Auspiciousness That Lights Up the Universe
Ven. Khenpo Tsultrim Gyamtso Rinpoche

Ven. Khenpo Tsultrim Gyamtso Rinpoche and translator Ari Goldfield taught this song to students during Rinpoche's 1998 teaching tour. Rinpoche gave the following introductions to the song during a teaching on August 8, 1998 at the Hartford KTC:

This twentieth century is the century when science and the economy have made incredible advances, so we need to make aspiration prayers that this material and technological advancement will be boons to world peace and world happiness. That is what this song is about.

In this song, the third verse says "The vision of Your wisdom [is amazing]," so this refers to the Buddha. There is one verse for the Buddha, the next verse is for the Dharma, and the next one is for the Sangha. Those are the three outer sources of refuge. The verse that follows that, about the yidams and the dharma protectors, are what's called the three roots.

Namo Guru Hasa Vajra Ye!

You see that everything in samsara and nirvana

Is merely dependently arisen

You see the dharmata, the true being

That is the essence of all dependent arising

The power of your great insight

Fills the universe with auspicious light

Oh mighty Shepa Dorje

Please rise up now from within my heart.

Ground's basic nature transcends conceptuality

And like watermoons, appearances arise dependently

May everyone realize that this is true

And dispel the darkness cast by doubt and wrong view

And may their realization's auspiciousness

Light up the whole universe!

The vision of Your wisdom is amazing

You see just how things are, You see everything

As parents love their children, so You love all beings

You bring us benefit and happiness

Your power makes disciples out of Your enemies--

May Your auspiciousness light up the universe!

For samsara's cause, clinging to 'I' and 'me',

The Dharma realizing selflessness is the greatest remedy

May all beings use it to pacify

Their confused belief that there is an 'I'

And by the power of this great happening

May auspiciousness light up the universe!

The ways of ordinary beings, you have left behind--

Noble ones who realize reality, the true nature of mind

May you lead all ordinary beings

Who have not yet entered, to the path of peace

And by this may auspiciousness

Light up the whole universe!

May the yidams who bestow the siddhis

And the protectors who clear obstacles away

Eliminate all harmful conditions--

Everything adverse to the path

And by this may auspiciousness

Light up the whole universe!

May the noble path of nonviolence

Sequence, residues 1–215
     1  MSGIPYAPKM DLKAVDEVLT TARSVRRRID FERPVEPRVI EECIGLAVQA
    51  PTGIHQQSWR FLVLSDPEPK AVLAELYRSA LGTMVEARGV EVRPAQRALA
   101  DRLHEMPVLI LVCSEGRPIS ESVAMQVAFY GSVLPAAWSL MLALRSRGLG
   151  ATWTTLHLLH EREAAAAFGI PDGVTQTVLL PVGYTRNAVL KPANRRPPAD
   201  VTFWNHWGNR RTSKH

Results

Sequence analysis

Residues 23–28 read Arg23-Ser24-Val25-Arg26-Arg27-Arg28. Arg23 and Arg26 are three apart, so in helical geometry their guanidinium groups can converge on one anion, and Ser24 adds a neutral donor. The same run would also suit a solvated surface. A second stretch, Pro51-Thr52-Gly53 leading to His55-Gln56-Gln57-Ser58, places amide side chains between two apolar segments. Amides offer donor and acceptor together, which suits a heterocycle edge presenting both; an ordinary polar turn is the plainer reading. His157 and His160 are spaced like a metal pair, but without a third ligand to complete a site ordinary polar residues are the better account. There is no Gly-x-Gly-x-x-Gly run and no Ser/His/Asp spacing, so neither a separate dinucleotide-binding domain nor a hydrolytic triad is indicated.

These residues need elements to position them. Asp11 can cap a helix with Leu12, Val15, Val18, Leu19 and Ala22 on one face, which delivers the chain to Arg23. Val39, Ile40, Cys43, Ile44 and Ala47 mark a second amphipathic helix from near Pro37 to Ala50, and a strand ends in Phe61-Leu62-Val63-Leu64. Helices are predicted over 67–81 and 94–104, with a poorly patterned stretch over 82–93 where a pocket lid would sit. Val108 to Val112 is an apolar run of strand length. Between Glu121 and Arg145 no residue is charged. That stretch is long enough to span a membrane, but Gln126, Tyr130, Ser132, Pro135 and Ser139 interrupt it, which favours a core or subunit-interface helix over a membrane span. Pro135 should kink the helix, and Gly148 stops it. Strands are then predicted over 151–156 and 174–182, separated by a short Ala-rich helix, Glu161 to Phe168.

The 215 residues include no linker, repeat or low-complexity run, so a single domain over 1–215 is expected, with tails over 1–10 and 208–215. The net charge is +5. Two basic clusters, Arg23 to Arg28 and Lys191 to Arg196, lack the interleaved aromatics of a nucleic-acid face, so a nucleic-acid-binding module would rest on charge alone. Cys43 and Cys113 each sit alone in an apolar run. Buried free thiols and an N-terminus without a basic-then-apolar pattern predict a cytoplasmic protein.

Flourish in all the worlds there are

When beings meet and interact

May the connections they make be filled with love

And by this may auspiciousness

Light up the whole universe!

At the twilight of this century

That has been one of such prosperity

May struggle over wealth and gain

Disappear and not be seen again

Free from strife and violence

May all enjoy great abundance

And by this may auspiciousness

Light up the whole universe!

This has been a century

When science has advanced incredibly

Amazing and wondrous, these new machines

That have brought the gods' enjoyments to human beings

May they be used with skill supreme

To end violence and cause peace to reign

And by this may auspiciousness

Light up the whole universe!

May the sciences that explore outside

Be joined with the inner science of the mind

To excellently put an end

To mistaken views and confusion

And by this may auspiciousness

Light up the whole universe!

The source of all this auspiciousness

Is the true nature of mind, so luminous!

So may realization of mind, just as it is

Set the universe ablaze with auspicious excellence!

Through all of this auspiciousness

Wherever its light may be seen

With the love and the compassion

That make bodhicitta mind supreme

May this thought arise in everyone:

"Other beings' happiness is as important as my own"

And may excellent virtue and auspiciousness

Always increase, never diminish!

On December 29, 1997, in the Garden of Translation near the Great Stupa of Boudhanath, Nepal, this was spoken extemporaneously by the one only called "Khenpo," Tsultrim Gyamtso. Translated by Ari Goldfield.

Also included in this section of the KTD Web site is a biography of Khenpo Tsultrim Gyamtso Rinpoche with links to some of his teachings.


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